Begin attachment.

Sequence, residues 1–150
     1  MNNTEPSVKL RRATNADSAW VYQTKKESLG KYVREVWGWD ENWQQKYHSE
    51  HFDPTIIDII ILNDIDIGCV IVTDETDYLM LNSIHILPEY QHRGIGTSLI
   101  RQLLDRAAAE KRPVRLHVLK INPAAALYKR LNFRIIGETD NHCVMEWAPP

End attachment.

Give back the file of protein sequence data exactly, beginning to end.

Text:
Sequence, residues 1–150
     1  MNNTEPSVKL RRATNADSAW VYQTKKESLG KYVREVWGWD ENWQQKYHSE
    51  HFDPTIIDII ILNDIDIGCV IVTDETDYLM LNSIHILPEY QHRGIGTSLI
   101  RQLLDRAAAE KRPVRLHVLK INPAAALYKR LNFRIIGETD NHCVMEWAPP